Do you realize that Survivor, the television show that lit the fuse of the reality explosion, is older than You Tube and Facebook? By my count, there are 42 reality shows returning to the network or cable channel near you this summer plus an additional 38 new reality shows set to make their debut. This makes for a grand total of 80 reality shows airing this summer alone.
Some of the shows are already established hits (Jersey Shore, So You Think You Can Dance, The Bachelorette), but others will literally have to fight or eat their way to rise above the glut of programming. Here are just a few of the crazy new shows to air: Mall Cops: Mall of America, Half Pint Brawlers, Food Buddha, Cupcake Wars, and Battle of the Wedding Planners. I’m not making this stuff up.
An objective examination (is that possible?) of titles provide a clue to the continuing success of these shows. No matter how absurd, all contain an aspect of reality. Been to a mall lately, we do need mall cops; the small man complex—big problem; food—we all eat it; the cupcake fad; and who hasn’t experienced a disastrous wedding that some irrational planner thought was perfection. No matter how absurd, we somehow relate to these shows in some skewed way. (On a sidenote: Our local and national television news are becoming increasingly irrelevant for the opposite reason. The sensationalism and bias of current media exude a sense of unreality and surreal detachment.)
Donald Brown in his seminal study of the Human Universals provides an extraordinary benchmark for quantifying reality. “Human universals” is a term used to refer to behavioral traits common to all normal humans. Brown believes there is an overemphasis in the world on differences among human populations. While these differences are important to understand and should be appreciated for what they have to offer, he feels that more attention must be paid to the great many things that make all humans similar in order to foster a true sense of unity and oneness in the world.
An examination of this list of universals proves conclusively that Twitter (social networking) is VERY real. In fact, Twitter provides tools to more effectively realize the essence of humanity and her universals. Let’s take a quick look at just a few of the “Twitter” universals.
Socialization — My friend Spence has well documented our neighborhood camaraderie. We refer to our community as the “campus.” Starbucks is the campus coffee shop. Merridees is the student center. Landmark Booksellers is the library. You get the idea. We have weekly campus gatherings, impromptu parties, drinks and wine tastings. We share music, books, grocery items, laughter and tears. In short, we are a society. And this socialization was created by Twitter. I met all of these people first on social networks, which in turn brought us together in real life.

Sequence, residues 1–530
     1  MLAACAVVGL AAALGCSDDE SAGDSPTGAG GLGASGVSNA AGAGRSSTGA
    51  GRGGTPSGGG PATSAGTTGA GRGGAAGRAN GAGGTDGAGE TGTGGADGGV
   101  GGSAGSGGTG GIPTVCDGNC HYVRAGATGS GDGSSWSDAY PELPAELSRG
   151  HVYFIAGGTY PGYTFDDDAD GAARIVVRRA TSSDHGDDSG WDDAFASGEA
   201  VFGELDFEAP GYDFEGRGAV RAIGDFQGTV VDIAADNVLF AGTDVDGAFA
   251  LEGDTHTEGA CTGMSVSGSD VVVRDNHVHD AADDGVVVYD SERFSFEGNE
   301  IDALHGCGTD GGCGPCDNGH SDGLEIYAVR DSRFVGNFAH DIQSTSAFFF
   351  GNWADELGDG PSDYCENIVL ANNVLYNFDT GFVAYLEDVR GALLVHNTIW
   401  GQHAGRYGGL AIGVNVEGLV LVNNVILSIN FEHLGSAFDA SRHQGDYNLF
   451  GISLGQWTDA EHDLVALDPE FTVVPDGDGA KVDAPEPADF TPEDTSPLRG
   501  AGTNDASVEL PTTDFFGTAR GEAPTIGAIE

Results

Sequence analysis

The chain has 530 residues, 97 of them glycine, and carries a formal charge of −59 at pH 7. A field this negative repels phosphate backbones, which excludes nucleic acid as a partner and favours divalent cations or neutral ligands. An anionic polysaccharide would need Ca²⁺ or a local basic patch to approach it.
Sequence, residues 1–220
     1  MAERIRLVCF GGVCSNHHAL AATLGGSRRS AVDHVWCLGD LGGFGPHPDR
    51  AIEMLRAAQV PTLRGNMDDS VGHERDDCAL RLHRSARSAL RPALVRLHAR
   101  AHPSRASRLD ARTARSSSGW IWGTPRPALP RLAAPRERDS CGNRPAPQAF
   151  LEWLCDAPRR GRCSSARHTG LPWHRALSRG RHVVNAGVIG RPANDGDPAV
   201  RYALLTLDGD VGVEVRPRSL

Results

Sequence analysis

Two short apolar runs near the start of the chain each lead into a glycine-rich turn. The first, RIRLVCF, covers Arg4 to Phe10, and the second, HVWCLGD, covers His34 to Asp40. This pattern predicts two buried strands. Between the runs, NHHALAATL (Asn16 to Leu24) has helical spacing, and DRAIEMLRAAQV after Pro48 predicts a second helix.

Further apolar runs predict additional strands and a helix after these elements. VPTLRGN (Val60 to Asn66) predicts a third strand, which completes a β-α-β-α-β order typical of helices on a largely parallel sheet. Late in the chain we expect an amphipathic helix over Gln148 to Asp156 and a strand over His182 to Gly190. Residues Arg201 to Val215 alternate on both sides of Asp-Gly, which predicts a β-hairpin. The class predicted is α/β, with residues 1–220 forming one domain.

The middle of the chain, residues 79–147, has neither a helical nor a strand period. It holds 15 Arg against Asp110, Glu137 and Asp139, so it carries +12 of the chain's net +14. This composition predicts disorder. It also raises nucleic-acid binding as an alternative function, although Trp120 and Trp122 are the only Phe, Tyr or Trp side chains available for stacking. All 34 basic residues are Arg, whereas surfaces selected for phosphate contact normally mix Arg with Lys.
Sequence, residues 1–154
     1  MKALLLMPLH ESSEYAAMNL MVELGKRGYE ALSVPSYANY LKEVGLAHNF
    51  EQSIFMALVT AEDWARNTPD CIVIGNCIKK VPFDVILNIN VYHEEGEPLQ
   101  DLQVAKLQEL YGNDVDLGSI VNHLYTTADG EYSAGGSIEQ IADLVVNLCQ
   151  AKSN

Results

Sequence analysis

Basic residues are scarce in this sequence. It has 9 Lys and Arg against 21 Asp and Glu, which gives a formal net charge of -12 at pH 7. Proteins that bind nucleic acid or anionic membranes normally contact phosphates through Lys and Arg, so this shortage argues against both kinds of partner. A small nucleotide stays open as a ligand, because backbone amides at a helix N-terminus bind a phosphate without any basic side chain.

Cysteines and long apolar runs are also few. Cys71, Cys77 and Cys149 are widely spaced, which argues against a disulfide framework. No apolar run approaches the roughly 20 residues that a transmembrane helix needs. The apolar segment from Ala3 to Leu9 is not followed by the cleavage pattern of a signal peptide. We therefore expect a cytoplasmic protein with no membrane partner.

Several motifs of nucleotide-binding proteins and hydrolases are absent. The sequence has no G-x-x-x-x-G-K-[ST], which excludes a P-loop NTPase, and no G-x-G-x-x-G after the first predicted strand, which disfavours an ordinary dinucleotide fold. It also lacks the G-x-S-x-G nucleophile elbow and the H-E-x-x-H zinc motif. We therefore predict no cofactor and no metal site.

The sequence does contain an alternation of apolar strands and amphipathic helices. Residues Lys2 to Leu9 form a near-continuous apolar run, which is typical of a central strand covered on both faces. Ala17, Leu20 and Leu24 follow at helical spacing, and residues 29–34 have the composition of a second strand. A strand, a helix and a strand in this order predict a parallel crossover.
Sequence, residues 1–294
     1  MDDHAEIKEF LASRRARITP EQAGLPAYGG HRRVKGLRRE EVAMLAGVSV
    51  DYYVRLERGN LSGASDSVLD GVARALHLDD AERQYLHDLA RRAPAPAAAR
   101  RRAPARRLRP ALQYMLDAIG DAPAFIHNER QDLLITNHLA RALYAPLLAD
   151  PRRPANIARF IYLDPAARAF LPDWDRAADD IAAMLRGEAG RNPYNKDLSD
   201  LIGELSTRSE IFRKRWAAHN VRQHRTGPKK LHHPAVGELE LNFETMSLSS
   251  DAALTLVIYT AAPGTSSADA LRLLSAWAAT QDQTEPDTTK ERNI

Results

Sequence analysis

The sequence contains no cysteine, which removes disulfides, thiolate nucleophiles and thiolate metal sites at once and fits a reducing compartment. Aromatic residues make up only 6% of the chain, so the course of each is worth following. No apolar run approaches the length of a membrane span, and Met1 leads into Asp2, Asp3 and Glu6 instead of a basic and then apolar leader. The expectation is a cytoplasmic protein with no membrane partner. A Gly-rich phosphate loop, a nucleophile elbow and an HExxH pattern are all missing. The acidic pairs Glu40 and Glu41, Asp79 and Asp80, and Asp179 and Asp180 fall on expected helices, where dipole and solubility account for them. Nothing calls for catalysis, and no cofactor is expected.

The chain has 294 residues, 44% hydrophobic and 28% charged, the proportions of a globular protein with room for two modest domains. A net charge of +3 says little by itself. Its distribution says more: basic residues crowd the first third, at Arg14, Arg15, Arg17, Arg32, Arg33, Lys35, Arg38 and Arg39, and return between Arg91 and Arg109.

Cooperative Labor — One of my neighbors placed a plea for help on Facebook and Twitter for a neighbor whose house was devastated by our recent flood. When I responded to help, most of the neighborhood was already there tearing out insulation and drywall. My pastor Pete Wilson and his team mobilized thousands of people in Nashville to assist in the flood relief effort primarily through Twitter. Twitterers responding to a tweet for help were able to get a doctor to a woman about to deliver a baby who was stranded in her house surrounded by flood waters. In fact, not only an OB-GYN responded, but also another internist and several nurses.
World View — It doesn’t take long when following someone on a social network to obtain a fairly accurate grasp of their world view. For example, I must admit a guilty pleasure. I find it enjoyable, not to mention entertaining, to look at current photos of high school classmates on Facebook, especially ones that have not quit partying hard since high school, and thinking how much older they look. It is amazing to see how those who have chosen hedonism for their world view have paid such a dramatic physical toll. But, it is also distressing to see the ones who continue to act out their high-school days for the world to see.
On the flip-side of the coin, Twitter makes it easy to identify people that share your particular world view. What initiated and subsequently bonded the “campus” relationships were the tribal similarities, especially our shared philosophy of life.
Leadership — Just as leaders emerge in real life, so do they on Twitter. As in the real world, social networks provide delineation between alpha and collaborative leaders, between leaders and managers, and between creative and static leaders. An intriguing doctoral thesis could be written about the emergence and power of leaders in the various social networks.
Language — Twitter would not be possible were it not for a real system of words for communication. I continue to marvel at the creative ways 140 characters can be combined to create what is, essentially, a new form of language. The recent practice of creative utilizations of hashtags is only one example. If not for social networks, most of you “real people” would not be reading this post.
The reality show unfolds twenty-four hours a day about real life on social networks like Twitter and Facebook—raising money for children that need surgery, buying T-shirts for flood relief, prayer requests, the heroic drama of the plane that landed safely in the Hudson, the Presidential campaign, and the BP environmental travesty.
What has made Twitter and social networking real for you?